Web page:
Judge says 'Alpha Dog' can run


A federal judge ruled Wednesday, after hearing arguments and personally screening the film, that Universal can unspool "Alpha Dog" in wide release as planned Jan. 12, despite objections from murder suspect Jesse James Hollywood.

An attorney for Hollywood, on whom the film is based, said he will file an appeal with the 9th Circuit Court to press his contention that releasing the film will make it impossible for his client to get a fair trial.

"Due to the alliance between the motion picture company and the District Attorney's Office, it is our belief the movie should not be released because in essence it destroys the presumption of innocence and the defendant's right to obtain a fair trail," said attorney James Blatt, who is representing Hollywood both in the legal action against Uni and in his upcoming murder trial.

"It is the first time ever that a deputy district attorney has released the contents of an entire criminal file to a motion picture company while a case is pending," Blatt said. "(Santa Barbara) Deputy District Attorney Ron Zonen also acted as a consultant and participated in the creative process of developing the screenplay. It's also the first time a major motion picture about a crime is being released prior to trial. There have been documentaries and TV movies but never a motion picture with significant stars."

"Alpha Dog," which was screened at January's Sundance Film Festival, stars Bruce Willis, Sharon Stone and Justin Timberlake.

Even though characters' names have been changed in the film, Blatt said that the movie could taint the jury pool. Uni fought for the right to distribute the film on First Amendment grounds, and U.S. District Judge Gary Klausner agreed with the argument.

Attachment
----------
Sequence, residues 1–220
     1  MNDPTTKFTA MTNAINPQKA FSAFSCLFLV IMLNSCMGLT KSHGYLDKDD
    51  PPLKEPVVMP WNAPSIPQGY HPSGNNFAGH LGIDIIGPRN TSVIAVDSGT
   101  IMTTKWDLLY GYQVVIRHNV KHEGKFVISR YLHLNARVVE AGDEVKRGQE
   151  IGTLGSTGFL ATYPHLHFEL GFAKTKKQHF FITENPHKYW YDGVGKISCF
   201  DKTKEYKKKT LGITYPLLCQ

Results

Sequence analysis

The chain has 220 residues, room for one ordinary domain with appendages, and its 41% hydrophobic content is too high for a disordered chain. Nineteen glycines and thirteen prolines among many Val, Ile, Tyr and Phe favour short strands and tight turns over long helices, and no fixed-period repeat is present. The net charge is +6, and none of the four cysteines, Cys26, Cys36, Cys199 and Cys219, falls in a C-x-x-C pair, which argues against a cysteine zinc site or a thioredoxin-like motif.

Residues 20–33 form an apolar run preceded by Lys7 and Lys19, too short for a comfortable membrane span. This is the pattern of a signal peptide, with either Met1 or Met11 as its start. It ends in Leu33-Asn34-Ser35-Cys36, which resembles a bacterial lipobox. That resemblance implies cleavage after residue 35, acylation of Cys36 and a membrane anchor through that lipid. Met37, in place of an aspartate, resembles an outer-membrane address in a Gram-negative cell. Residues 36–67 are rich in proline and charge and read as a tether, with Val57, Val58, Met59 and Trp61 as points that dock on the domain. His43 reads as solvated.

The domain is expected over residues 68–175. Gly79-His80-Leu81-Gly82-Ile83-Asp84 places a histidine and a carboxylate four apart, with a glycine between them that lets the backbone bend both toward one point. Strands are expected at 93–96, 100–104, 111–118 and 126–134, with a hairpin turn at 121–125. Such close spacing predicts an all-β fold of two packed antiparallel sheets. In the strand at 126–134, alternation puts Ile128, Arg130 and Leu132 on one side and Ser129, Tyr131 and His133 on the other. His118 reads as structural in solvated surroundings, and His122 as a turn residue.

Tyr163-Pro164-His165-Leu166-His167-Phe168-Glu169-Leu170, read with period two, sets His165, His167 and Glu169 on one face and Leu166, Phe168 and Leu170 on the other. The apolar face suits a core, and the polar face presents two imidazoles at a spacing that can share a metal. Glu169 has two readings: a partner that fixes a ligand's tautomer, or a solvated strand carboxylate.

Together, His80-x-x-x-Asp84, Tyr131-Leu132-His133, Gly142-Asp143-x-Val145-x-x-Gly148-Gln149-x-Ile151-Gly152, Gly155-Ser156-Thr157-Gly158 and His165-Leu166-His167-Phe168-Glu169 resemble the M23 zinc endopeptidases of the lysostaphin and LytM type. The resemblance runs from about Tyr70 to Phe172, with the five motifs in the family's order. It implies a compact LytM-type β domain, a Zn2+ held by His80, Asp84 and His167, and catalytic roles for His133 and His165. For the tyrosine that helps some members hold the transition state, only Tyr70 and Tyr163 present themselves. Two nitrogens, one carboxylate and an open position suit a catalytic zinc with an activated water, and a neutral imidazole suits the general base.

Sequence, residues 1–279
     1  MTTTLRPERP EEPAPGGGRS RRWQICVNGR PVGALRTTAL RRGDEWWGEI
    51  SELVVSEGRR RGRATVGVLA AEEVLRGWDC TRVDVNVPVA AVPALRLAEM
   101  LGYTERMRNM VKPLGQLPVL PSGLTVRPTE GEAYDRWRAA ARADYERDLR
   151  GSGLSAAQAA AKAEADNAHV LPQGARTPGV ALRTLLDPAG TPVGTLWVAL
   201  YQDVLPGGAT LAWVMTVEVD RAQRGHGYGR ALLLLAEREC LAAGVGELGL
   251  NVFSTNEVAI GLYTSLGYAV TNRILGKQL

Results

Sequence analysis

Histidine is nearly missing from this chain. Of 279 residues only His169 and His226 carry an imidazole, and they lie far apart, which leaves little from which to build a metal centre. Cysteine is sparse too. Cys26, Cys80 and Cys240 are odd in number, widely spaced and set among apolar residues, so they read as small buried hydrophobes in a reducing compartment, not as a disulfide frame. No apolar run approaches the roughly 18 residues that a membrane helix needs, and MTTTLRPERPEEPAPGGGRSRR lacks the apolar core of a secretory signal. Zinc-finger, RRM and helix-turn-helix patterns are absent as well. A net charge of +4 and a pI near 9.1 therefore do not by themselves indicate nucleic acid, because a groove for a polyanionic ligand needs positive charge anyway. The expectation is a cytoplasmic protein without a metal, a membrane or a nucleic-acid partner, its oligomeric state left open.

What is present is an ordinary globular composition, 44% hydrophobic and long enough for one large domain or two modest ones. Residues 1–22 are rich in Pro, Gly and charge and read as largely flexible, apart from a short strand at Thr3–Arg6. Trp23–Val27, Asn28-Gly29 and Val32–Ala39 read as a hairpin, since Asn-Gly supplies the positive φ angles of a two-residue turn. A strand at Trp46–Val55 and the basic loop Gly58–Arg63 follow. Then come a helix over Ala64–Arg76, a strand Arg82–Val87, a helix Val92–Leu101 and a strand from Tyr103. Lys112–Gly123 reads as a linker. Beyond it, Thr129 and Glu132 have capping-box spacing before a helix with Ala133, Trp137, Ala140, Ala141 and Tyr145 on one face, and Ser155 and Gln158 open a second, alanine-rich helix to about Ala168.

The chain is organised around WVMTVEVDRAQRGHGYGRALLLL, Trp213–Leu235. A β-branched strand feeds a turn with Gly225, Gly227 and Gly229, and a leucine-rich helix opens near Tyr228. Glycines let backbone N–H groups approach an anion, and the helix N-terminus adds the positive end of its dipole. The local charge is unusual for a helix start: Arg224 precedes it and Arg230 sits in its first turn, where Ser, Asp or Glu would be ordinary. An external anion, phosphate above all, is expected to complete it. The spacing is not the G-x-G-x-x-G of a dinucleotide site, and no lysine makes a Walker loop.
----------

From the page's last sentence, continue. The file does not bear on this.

"The Supreme Court has repeatedly recognized that government restriction of speech in the form of a prior restraint against the media constitutes the most serious and least tolerable infringement on First Amendment rights," Klausner wrote. "Prior restraints may be justified only in the most exceptional circumstances, such as to prevent the dissemination of information about troop movements during wartime (or) to suppress information that would set in motion a nuclear holocaust."

Prosecutors say Hollywood was the mastermind behind the August 2000 kidnapping and murder of Nicholas Markowitz. They contend the teenager was abducted from the San Fernando Valley area as part of a feud Hollywood had with the victim's older half brother over a $1,200 drug debt.

The teen's body was found in a remote Santa Barbara County camping area.

Hollywood fled after being charged with murder and was captured last year in Brazil. He has pleaded not guilty to charges and could face the death penalty if convicted.

Four others have been convicted in connection with the slaying. No date has been set for Hollywood's trial, but Blatt said he expected it to be scheduled for sometime in 2007.

The Associated Press contributed to this report.
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